Information that Moves from the Eyeball to the Brain

At the back inside of each of your eyeballs is a sheet of nerve tissue known as the retina. Signals move from the retina to the rest of the brain through only one kind of nerve cell (neuron) known as the retinal ganglion cell.

Retinal ganglion cells communicate with the rest of the brain through a structure known as the thalamus and, more specifically, the part of the thalamus known as the lateral geniculate nucleus. So brain signals, known as spikes or action potentials, related to vision originate in the eyeball’s retina and are sent by retinal ganglion cells to the lateral geniculate nucleus of the thalamus from where they may travel to other brain structures.

A new paper asks if spikes in the retina that carry the most visual information are being preferentially funneled through the thalamus. The research team also looked at the role that spike timing may play in the information transfer process from eyeball to brain.

(The paper “Spike Timing and Information Transmission at Retinogeniculate Synapses” was published October 13, 2010 in the Journal of Neuroscience.)

The authors define a spike in a retinal ganglion cell followed after a short period (around 2.5 milliseconds) by a spike in an associated thalamic neuron as a relayed spike. Only a subset of spikes in the retina are relayed to the thalamus.

The conclusion reached in the paper was that spikes carrying the most information were selectively relayed from the eyeball to the brain. They base this conclusion on the following results:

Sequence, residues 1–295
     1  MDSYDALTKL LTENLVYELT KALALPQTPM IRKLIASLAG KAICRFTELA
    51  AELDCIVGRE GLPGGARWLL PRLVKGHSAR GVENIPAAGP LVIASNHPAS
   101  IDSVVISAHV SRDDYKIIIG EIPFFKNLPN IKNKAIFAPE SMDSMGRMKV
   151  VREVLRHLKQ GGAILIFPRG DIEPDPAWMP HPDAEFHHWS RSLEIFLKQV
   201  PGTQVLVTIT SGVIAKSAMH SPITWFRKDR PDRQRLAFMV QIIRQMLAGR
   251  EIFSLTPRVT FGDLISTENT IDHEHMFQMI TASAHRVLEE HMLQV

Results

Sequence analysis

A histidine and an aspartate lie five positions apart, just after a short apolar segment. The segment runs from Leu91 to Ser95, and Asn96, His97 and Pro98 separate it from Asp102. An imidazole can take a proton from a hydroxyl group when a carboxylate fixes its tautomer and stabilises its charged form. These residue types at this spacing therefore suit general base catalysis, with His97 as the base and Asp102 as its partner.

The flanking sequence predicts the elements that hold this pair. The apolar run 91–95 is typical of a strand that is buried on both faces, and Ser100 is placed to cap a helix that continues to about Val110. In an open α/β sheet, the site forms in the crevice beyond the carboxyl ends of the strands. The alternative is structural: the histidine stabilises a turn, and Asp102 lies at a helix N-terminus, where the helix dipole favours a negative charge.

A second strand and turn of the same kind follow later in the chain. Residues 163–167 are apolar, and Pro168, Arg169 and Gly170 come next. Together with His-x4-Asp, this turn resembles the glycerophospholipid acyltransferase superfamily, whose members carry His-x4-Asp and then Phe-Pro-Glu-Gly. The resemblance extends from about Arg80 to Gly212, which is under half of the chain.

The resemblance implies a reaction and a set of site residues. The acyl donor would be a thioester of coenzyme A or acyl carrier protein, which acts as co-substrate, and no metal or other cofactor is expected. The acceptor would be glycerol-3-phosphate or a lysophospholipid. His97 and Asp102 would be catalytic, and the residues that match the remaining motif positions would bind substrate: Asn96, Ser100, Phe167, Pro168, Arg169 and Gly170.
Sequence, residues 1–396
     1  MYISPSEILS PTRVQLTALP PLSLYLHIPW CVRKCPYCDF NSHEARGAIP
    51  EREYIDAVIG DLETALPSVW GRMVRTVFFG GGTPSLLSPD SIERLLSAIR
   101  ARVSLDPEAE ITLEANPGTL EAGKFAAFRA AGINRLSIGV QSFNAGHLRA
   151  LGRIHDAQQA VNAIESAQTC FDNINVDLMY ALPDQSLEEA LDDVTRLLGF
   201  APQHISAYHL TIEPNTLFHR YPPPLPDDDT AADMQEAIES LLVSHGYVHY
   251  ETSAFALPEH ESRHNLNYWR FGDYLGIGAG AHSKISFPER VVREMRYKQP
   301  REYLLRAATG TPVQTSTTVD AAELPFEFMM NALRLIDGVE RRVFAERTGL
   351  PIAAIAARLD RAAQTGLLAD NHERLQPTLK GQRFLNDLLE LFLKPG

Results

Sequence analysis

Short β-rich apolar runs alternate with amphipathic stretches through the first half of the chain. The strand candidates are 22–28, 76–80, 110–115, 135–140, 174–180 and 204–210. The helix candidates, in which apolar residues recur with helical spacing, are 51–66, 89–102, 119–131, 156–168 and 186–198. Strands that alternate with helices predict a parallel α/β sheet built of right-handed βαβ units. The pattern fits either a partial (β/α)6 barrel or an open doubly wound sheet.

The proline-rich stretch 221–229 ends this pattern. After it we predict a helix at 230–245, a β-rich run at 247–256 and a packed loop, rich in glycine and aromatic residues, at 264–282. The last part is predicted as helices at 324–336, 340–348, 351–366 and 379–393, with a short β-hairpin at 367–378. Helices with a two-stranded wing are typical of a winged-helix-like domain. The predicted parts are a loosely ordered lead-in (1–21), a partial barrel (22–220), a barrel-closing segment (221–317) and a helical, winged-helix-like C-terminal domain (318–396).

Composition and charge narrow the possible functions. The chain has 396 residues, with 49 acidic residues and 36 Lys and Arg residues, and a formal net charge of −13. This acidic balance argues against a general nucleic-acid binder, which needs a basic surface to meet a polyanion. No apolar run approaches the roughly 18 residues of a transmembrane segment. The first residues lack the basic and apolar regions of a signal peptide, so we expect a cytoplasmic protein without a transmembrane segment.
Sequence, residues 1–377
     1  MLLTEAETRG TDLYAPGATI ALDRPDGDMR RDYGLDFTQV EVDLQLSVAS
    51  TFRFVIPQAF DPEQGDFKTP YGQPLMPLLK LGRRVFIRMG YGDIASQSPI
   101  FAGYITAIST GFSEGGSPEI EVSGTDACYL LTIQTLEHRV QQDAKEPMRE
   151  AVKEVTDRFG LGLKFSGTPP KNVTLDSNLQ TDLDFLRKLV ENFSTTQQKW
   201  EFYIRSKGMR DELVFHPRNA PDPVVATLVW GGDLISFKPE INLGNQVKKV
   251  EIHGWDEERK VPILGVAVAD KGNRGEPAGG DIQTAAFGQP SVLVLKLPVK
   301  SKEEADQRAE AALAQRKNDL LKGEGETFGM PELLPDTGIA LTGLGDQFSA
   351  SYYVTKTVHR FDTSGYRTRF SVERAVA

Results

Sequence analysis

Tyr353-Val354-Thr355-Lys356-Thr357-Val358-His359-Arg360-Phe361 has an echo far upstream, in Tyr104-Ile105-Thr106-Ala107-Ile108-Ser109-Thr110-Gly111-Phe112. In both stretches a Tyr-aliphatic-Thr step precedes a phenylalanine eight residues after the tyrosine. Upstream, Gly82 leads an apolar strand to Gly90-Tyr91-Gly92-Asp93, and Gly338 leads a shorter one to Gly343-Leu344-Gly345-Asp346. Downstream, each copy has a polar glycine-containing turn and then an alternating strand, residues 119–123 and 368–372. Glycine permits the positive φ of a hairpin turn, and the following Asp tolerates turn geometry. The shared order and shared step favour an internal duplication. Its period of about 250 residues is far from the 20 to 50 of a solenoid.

• relayed spikes had a stronger correlation with the visual stimulus than non-relayed spikes.
  • short intervals between spikes were more effective at driving thalamic neuron responses than spikes that followed longer intervals.
  • relayed spikes occurred with significantly greater spike timing precision (less variance) than non-relayed spikes.
  • relayed spikes had significantly less variance in spike number than non-relayed spikes.
  • relayed spikes carried significantly greater information than non-relayed spikes.

While the techniques and analysis appear sound I find myself ill at ease with this paper and its conclusions. It seems to me that at least the first of these findings is circular. A receptive field is a foundational idea in the brain sciences. Sensory system brain cells exhibit receptive fields that by definition show greatest response and shorter latencies to stimuli in particular parts of sensory space. The second finding follows directly from fundamental aspects of our understanding of how neurons process input. And the last three findings are straight forward consequences of filtering out the spikes that are less relevant to the receptive field of the thalamic neuron.

Did we really learn anything new from this paper? Is the relay between the eyeball and the brain really acting like a filter or is there something more subtle going on where both “non-relayed” and “relayed” spikes are contributing to the code found in the thalamus? Do the authors present evidence to support the conjecture that retinal ganglion cells “appear to use discrete firing events as the symbols with which to encode the visual world?”

Am I missing something?